Britannia Building Society is extending its use of a storage virtualisation tool that enables it to duplicate key systems for investigating problems in a live environment without affecting normal back-end services.
SVM, from StoreAge Networking Technologies, was brought in to support Britannia’s core Fineos Banking platform, but it is now being rolled out to other parts of the business, including the management information system.
As SVM’s use is extended, it is replacing ad hoc database cloning and file copying arrangements with an automated service that can take a snapshot of a database far more quickly than previous systems.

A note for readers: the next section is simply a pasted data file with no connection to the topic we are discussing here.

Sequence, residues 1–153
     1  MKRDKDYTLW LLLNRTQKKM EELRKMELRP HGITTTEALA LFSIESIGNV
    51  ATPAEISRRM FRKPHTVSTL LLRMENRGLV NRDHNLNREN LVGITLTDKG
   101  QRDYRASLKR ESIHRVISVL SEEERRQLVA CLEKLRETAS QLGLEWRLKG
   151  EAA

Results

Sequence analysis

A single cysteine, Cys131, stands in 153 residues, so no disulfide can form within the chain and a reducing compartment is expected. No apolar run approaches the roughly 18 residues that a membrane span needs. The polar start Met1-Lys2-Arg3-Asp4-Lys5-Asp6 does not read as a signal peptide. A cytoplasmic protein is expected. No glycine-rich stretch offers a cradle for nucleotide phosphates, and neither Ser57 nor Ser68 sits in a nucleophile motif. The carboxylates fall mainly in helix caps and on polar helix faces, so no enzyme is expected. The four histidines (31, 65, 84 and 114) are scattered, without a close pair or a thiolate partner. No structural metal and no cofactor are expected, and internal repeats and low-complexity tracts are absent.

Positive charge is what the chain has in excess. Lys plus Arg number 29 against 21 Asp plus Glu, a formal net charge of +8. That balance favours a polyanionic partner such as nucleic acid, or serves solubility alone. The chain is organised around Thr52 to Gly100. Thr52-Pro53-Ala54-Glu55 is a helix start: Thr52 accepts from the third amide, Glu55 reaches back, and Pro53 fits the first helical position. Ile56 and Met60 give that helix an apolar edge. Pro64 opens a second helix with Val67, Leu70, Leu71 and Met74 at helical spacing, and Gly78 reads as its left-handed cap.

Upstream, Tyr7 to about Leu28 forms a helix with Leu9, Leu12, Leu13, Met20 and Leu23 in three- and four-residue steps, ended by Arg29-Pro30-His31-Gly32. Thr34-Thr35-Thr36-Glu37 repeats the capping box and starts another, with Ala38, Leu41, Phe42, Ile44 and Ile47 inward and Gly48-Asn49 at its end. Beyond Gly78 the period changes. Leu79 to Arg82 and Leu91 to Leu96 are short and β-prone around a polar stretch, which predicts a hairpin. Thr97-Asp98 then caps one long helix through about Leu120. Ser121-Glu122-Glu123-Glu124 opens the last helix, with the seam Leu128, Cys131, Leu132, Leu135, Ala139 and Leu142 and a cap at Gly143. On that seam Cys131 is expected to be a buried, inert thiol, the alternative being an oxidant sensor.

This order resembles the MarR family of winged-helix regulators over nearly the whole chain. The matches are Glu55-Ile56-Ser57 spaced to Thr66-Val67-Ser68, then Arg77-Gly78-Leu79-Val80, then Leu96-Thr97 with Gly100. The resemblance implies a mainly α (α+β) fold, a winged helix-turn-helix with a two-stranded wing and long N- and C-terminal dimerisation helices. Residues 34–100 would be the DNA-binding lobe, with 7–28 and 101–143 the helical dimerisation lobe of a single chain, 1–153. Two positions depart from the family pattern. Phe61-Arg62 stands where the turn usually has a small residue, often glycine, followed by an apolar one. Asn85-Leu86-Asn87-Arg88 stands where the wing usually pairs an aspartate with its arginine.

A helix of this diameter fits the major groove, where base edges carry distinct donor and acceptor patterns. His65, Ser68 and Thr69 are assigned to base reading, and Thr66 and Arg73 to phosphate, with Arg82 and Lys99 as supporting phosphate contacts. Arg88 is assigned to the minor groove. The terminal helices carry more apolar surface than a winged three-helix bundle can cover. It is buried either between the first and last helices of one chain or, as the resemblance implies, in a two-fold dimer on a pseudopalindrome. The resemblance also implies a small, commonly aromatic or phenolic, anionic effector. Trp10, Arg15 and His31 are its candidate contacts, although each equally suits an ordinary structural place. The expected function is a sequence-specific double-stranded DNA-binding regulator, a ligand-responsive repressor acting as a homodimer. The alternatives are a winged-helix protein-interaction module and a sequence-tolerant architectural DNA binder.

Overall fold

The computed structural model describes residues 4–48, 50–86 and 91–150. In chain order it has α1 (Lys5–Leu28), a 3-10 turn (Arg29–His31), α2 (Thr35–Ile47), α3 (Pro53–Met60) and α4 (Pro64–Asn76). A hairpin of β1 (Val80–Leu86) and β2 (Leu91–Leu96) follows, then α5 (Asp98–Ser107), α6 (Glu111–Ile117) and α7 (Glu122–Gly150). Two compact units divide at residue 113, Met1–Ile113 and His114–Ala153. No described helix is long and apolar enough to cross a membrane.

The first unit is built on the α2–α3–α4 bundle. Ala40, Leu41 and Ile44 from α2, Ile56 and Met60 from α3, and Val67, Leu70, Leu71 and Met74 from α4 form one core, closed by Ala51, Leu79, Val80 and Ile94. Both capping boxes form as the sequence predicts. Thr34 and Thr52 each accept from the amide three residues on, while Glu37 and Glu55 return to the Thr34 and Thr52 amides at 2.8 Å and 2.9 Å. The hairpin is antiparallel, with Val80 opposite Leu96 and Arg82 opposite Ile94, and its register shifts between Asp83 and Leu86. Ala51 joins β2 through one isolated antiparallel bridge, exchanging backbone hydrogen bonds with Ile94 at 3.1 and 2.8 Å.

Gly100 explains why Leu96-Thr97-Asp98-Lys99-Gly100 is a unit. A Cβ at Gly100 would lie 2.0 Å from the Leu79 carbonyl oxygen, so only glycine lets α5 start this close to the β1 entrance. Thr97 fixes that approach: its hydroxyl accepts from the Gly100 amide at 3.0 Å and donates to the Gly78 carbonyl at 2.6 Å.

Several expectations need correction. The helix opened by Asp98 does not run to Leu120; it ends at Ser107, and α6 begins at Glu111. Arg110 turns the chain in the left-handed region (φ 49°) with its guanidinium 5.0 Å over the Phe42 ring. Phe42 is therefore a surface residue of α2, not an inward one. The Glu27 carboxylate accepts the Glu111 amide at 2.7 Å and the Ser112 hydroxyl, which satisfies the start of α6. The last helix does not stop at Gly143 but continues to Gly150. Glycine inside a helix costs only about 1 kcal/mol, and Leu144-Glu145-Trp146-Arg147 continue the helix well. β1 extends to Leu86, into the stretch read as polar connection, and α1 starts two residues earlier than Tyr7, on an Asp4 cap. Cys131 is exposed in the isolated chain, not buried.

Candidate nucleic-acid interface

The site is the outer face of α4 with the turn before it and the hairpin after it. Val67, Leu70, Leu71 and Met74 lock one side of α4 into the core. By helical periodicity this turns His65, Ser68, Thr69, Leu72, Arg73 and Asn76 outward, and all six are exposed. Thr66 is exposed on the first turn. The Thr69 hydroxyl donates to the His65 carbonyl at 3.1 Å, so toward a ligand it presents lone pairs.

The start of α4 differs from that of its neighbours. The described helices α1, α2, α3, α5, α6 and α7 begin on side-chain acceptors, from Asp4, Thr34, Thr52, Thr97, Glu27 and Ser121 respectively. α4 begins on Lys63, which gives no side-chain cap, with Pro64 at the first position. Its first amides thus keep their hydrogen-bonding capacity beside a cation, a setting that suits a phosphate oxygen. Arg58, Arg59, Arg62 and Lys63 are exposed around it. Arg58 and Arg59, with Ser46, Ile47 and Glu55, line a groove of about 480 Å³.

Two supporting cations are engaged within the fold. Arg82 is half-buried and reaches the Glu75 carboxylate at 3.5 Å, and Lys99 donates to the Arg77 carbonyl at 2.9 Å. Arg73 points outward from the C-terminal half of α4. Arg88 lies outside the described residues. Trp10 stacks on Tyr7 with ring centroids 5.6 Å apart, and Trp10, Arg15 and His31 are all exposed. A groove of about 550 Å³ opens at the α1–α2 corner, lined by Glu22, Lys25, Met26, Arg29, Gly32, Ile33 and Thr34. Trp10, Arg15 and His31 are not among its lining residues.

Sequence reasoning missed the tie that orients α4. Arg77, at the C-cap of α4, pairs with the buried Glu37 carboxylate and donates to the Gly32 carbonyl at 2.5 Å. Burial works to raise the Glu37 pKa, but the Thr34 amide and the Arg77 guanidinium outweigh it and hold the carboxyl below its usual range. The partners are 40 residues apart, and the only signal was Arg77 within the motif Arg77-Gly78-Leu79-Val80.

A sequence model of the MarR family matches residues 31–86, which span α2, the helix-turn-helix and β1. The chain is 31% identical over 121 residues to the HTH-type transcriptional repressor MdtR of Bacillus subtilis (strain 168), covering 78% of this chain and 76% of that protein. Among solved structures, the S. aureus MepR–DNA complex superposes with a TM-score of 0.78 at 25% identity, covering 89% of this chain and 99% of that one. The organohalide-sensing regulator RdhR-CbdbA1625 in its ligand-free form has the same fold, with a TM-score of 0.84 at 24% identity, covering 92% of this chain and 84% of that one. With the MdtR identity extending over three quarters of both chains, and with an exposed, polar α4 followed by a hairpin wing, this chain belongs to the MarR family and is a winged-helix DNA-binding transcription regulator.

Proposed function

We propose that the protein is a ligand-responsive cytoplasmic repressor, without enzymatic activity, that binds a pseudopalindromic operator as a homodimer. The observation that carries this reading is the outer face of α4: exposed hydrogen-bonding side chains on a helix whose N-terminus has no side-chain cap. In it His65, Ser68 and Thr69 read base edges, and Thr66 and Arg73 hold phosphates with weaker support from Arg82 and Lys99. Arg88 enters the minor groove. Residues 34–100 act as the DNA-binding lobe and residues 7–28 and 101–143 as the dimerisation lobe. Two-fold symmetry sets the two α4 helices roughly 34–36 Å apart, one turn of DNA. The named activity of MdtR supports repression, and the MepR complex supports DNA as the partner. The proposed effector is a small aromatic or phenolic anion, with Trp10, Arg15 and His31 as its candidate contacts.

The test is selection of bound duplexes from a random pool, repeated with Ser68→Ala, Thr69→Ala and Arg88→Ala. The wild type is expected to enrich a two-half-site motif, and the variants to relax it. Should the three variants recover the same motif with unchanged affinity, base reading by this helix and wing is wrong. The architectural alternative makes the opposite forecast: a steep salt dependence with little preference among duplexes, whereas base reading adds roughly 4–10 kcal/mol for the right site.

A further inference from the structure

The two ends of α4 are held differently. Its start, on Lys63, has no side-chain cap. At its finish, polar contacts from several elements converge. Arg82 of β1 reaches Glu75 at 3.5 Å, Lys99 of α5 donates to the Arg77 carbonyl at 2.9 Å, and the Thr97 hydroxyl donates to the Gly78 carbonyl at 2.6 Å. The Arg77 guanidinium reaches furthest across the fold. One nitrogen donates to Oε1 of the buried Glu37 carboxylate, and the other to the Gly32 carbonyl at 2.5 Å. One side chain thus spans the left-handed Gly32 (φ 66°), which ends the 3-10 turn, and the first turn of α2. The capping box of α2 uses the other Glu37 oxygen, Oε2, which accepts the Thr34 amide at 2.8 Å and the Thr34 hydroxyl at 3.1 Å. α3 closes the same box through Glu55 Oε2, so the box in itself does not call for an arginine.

Paul Thomas, database services manager at Britannia, said, “SVM enables the IT department to deliver business data for customer-responsive systems in minutes, which is a significant improvement.”
Thomas said the storage appliance’s other main benefit was that it had greatly reduced the storage requirements of the database copies taken, which was crucial for keeping a lid on Britannia’s server requirements.
“It is also really low maintenance,” he said. “It just sits there in and runs in the background, doing what it needs to do. All we have had to do since installing it is to take on additional servers periodically to cover growth.”
SVM runs in a five-server test environment. All the servers are Sun Solaris, which are used exclusively across the organisation.
This was first published in May 2006